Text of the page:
The Coastal Star

Delray Beach: New aluminum tree to sprout up in time for holiday festivities

One of the options for the new location of the Christmas tree is on the lawn east of the pavilion grounds.

Rendering provided

By Jane Smith

    The 100-foot Christmas tree that dominated the Delray Beach holiday season won’t be used again. The tree’s steel frame is encrusted with rust, making it a safety hazard.
    In its place, the city will spend nearly $1 million for a new 100-foot aluminum tree. Its color will be forest green, simulating an Oregon Cascade fir. The cost includes the purchase price, shipping from Oregon, an engineering study to build the concrete base and annual fees for installation and storage. That means the city staff will no longer be in the Christmas tree assembly business.
    The tree also will have a new location on the city’s Old School Square grounds. At an early March meeting, the east lawn was selected as the ideal site. Currie Sowards & Aguila Architects were hired by the city’s Community Redevelopment Agency to continue with plans for the OSS grounds. Underneath the Christmas tree, the plans call for a year-round water feature.
    Even so, John Morgan, the city’s environmental services department director, said he was going to proceed with the March 30 commission request to spend $9,900 to hire an engineer to do soil testing of the new tree site.
    “In order to prepare for the 2017 holiday season events,” he stated in the reason why the request was needed now, “it is critical that the design for the foundation and electrical service to support the 100-foot Christmas tree in a new location on the Old School Square property move forward as soon as possible.”
    Morgan received commission approval in late February for a sole source bid. There’s only one company in the United States that makes 100-foot aluminum Christmas trees and it is in Oregon. The cost is $790,000, he said.
    The current Christmas tree was “rotting 20 years ago when we bought it from Parrot Jungle,” Mayor Cary Glickstein said at the Feb. 21 commission meeting.  He was responding to residents’ criticism of spending such a large amount of money on the 100-foot Christmas tree when the city has other pressing needs. “You won’t spend $800,000 out of your pocket on a Christmas tree,” Timothy Boykin said at the start of the meeting.
    “The safety of our residents and visitors remains our No. 1 priority,” the mayor wrote in a mid-March email. “Due to the recent disclosure of the structural instability of the 100-foot tree, coupled with the time necessary to have it replaced, a decision had to be made immediately to ensure the safety of the community and the timeliness of having the tree to continue the long-standing tradition that many have come to enjoy each holiday season.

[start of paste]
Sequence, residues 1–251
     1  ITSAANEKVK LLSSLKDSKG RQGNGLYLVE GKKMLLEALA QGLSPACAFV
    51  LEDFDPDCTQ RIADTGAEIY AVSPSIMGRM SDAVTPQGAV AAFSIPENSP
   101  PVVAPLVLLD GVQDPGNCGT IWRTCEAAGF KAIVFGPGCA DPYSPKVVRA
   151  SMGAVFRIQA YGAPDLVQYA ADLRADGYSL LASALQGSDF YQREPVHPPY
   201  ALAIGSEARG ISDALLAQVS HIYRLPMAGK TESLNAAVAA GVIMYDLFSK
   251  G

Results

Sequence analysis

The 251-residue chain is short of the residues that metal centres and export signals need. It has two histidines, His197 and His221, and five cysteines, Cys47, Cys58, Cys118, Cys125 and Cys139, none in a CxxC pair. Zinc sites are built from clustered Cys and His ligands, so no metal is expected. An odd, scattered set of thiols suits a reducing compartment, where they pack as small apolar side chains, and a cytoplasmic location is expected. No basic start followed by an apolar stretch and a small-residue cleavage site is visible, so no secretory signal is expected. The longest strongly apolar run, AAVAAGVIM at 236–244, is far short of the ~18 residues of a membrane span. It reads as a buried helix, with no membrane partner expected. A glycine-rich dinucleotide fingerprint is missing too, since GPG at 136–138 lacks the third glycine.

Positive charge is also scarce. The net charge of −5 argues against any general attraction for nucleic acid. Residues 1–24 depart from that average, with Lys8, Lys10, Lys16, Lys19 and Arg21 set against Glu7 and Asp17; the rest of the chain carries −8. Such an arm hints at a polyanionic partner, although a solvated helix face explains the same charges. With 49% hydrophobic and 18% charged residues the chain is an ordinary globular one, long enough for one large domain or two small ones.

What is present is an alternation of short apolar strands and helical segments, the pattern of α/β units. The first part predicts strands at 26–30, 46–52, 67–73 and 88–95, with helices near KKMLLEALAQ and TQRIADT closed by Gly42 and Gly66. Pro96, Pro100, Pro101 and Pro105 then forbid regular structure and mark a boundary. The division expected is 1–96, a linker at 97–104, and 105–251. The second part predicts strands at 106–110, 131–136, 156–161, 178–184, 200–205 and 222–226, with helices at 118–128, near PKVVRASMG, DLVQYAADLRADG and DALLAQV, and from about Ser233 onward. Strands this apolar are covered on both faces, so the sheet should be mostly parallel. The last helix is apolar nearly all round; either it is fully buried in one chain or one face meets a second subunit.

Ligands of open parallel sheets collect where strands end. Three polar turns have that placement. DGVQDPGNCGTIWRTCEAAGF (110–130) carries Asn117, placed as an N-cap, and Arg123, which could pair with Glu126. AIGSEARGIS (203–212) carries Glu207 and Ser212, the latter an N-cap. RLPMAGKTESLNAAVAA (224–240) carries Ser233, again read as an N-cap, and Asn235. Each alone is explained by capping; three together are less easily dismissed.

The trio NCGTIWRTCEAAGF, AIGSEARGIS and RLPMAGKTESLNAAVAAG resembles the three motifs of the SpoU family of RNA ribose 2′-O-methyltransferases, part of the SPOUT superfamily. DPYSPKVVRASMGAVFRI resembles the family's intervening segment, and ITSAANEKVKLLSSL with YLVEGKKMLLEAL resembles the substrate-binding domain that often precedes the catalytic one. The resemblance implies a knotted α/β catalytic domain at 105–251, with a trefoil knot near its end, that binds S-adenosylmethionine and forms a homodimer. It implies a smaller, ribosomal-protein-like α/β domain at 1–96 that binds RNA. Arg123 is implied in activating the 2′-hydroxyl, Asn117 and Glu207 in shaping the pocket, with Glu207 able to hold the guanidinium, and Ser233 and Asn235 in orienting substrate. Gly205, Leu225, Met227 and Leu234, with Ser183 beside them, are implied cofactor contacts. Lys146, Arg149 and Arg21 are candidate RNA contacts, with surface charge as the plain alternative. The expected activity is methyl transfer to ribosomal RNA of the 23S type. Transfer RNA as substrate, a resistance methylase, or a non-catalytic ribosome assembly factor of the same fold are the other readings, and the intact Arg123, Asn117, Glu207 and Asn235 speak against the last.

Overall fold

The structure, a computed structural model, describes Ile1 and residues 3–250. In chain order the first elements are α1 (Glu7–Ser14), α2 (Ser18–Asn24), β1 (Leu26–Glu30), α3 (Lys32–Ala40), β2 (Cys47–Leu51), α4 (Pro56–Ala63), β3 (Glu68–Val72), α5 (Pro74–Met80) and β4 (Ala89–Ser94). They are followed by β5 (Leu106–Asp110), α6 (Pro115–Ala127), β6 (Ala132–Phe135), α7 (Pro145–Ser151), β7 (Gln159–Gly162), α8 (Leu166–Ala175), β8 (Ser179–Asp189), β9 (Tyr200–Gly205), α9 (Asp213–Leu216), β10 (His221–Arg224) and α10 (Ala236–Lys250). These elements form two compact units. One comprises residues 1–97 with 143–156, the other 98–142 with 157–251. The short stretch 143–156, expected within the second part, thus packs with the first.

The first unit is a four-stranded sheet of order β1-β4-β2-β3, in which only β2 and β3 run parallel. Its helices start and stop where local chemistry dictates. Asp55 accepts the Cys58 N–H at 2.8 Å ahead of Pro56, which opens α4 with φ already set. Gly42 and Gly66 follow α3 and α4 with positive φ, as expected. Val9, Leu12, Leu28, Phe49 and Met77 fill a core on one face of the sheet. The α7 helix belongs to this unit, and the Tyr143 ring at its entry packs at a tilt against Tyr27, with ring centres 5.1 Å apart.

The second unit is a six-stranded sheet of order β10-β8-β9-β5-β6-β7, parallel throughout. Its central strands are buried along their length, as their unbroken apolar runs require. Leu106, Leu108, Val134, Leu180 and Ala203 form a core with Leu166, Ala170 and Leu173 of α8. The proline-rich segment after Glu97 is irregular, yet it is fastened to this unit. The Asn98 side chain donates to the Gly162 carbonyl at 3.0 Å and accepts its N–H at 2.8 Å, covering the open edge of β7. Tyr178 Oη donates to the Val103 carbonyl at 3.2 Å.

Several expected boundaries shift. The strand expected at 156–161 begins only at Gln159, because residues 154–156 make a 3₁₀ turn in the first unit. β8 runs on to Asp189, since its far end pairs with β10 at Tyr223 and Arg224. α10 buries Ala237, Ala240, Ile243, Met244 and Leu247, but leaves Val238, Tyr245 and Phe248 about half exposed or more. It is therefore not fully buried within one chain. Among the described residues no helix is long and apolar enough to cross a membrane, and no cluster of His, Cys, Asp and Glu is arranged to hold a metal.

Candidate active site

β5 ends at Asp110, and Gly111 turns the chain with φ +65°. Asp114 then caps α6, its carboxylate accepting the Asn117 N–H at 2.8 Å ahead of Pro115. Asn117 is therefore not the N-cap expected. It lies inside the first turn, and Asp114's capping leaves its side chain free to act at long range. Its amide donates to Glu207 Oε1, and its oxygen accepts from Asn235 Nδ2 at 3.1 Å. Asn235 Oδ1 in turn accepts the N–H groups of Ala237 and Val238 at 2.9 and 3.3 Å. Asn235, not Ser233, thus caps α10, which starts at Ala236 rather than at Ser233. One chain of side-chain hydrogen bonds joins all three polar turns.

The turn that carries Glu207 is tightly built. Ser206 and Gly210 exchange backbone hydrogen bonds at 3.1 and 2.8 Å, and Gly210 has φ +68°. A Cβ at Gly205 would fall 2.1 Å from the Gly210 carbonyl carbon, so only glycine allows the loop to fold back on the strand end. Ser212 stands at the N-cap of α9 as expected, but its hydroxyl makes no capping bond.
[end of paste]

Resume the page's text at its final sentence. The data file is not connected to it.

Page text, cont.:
“The catastrophic structural failure of a 100-foot steel structure had the potential to kill or harm hundreds of people on any given evening.”
    The 100-foot tree has become part of the city’s holiday tradition.
    The top 50 feet was leased from Parrot Jungle in 1993 to help celebrate the city’s win of the All-America City award.
    In 1995, the tree was purchased by the city’s Downtown Development Authority for about $80,000 and given to the city.
    Two years ago, the DDA questioned the safety of the steel structure. It hired Kimley-Horn and Associates to evaluate the tree’s steel frames. Some sections that were recently rebuilt were deemed to be in good condition, other sections were significantly corroded, according to its Feb. 2, 2015, letter to the DDA.
    The steel pieces were stored in the city’s public works yard under a framed canopy that used to have a tarp. “The condition of the canopy frame indicates the tarp has been missing for several years,” a Kimley-Horn engineer wrote.
    In July 2015, the DDA presented the City Commission with options: continue to spend on rehabilitating the current tree at a cost of $916,000 over five years, buy a new aluminum tree for $670,000 or rent one for $790,000. The amounts did not include assembly, disassembly or storing the tree.
    The commission chose to continue using the current tree with corroded pieces replaced.
    In December the interim city manager, Neal de Jesus,  walked through the current tree and was amazed how it could be constructed and stay erect. That led to discussions on the structural integrity of the tree when it was taken down after the holidays.
    No structural engineer was willing to certify its integrity without an in-depth study, including X-rays of the frame, de Jesus told the commission in late January. He estimated the study cost would be $100,000. He didn’t recommend spending that amount with the strong possibility the current tree would need to be replaced.
    The iconic tree has not been treated lovingly. It did not have a special storage spot within a climate-controlled environment. Its frame was piled in pieces outside for a number of years without protection from the summer rains. That resulted in yearly upgrades to the Christmas tree to make it safe for the hundreds of residents who pass inside daily during the Christmas season.

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